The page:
[WF-General] Rules Team Resurrection
hans.haggstrom at helsinki.fi
Tue Apr 8 17:53:26 PDT 2003
It's time to resurrect the WorldForge Rules Team!
We will meet on irc.worldforge.org, in the #rules channel.
The initial suggestion for the meeting time is
Sunday 2003-04-13, at 19:00-21:00 GMT.
Below are the current mission statement of the rules team,
the meeting agenda, a battleplan, and some notes.
Rules Team Mission
The Rules team is needed by both the Media and Server teams,
to provide more detailed requirements and content for Mason.
The role of the rules team is also to bridge the chasm between
game developers (our "target customer group") and our servers.
In addition to helping to get Mason done, the Rules team is
establishing procedures and tools that makes it easier to go from
game requirements to an actual implementation of the game using
the WorldForge framework.
The rules team will start working on detailed Mason content, namely:
* Descriptions for a set of specialized rule modules, each providing
some aspect of the functionality needed for Mason, and defining
some archetype interfaces it uses / provides.
* A list of item types (entities) in Mason, with attributes and default
* A list of skills for Mason, with skill difficulty level and other
attributes (based on the skill system developed by Aglanor
* A list of actions available to characters (and creatures to some
extent), and descriptions of what skills they use, what parameters
they take, their duration, energy usage, and the effects they have
(defined using the rule modules described earlier).
1. Introduction - Where and how are we -- the Rules Team -- needed?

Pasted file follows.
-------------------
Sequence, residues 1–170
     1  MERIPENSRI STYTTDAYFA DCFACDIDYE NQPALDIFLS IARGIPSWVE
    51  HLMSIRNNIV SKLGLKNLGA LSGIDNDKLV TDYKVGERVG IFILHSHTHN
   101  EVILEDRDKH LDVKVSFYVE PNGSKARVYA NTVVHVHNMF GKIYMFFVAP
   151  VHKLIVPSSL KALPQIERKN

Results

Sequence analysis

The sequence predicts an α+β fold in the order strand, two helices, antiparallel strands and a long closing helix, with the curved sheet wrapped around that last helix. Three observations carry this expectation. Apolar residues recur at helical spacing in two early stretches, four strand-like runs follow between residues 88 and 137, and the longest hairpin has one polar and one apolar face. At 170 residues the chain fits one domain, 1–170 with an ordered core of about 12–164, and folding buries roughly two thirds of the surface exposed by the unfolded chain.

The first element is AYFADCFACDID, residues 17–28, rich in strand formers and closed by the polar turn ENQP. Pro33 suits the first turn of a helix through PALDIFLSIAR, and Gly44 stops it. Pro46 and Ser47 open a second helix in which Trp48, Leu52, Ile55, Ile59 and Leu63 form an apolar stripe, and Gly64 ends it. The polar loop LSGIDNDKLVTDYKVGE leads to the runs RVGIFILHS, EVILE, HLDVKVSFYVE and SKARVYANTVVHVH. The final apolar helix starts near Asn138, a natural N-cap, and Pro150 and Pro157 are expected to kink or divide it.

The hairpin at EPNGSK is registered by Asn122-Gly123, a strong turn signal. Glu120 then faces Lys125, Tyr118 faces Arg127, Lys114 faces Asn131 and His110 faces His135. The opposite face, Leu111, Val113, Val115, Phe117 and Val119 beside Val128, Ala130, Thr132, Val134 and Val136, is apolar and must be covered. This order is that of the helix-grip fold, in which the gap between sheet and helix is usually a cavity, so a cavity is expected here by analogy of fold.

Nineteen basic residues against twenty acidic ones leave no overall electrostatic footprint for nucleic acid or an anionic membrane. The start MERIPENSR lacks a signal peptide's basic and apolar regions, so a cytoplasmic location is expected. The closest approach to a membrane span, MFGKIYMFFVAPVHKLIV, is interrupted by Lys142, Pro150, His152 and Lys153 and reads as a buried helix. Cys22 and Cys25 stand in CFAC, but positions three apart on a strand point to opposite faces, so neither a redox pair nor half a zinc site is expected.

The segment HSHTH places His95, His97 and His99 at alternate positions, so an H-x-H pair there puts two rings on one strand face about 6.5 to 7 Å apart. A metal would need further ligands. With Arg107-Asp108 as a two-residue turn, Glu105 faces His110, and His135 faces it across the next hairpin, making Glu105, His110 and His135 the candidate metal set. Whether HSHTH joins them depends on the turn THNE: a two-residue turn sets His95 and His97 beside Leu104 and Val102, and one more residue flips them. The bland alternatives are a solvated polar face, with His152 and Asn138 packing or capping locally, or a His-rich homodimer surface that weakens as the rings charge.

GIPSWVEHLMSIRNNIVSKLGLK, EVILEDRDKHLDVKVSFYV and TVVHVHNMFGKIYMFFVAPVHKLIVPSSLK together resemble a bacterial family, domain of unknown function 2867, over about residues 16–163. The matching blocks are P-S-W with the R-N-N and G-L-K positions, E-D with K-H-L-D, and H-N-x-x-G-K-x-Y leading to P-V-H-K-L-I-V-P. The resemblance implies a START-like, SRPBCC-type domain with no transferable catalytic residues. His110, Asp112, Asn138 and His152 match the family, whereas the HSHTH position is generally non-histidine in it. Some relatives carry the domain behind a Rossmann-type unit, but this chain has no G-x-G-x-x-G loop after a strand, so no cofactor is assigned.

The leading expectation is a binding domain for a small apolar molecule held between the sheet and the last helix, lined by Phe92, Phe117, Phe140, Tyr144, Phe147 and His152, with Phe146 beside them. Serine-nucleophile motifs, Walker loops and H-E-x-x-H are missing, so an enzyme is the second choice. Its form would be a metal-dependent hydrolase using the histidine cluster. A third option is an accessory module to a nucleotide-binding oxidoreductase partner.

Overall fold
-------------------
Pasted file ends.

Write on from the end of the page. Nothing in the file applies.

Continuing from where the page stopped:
2. Recollection - What item, skill, action, and rule module lists and
definitions do we have currently?
What parts can we reuse?
3. Rule Overview - Agree about how detailed the rule modules should be,
what kind of information we need for them,
and work out some example ones to give us some
concrete idea about what a Rule Module is.
Perhaps a Metabolism rule module would be a good
start, providing interfaces for Digesters and
Edibles - the former being capable of digesting
the latter. Edible would provide some attributes
about its nutrient value.
4. Format - Agree about some format to use for representing
groups of archetypes -- for example some
tab separated table, with certain column headers.
Some prototypes for this could be good to work
out in advance of the meeting.
5. Work division - Brave volunteers agree on things to do for the
next meeting. Some items using the archetypes
defined in step 3 could be a good goal -- for
example some of the edible food items in Mason.
6. Schedule next meeting
1. First some outline of the required modules, entities, skills,
and actions could be good to have. Just something general to
provide a ground for detailed lists and definitions.
2. We need to agree on a simple format for presenting archetypes.
Archetype attributes have many properties too (such as name, type,
visibility, default value, and perhaps standard deviation and/or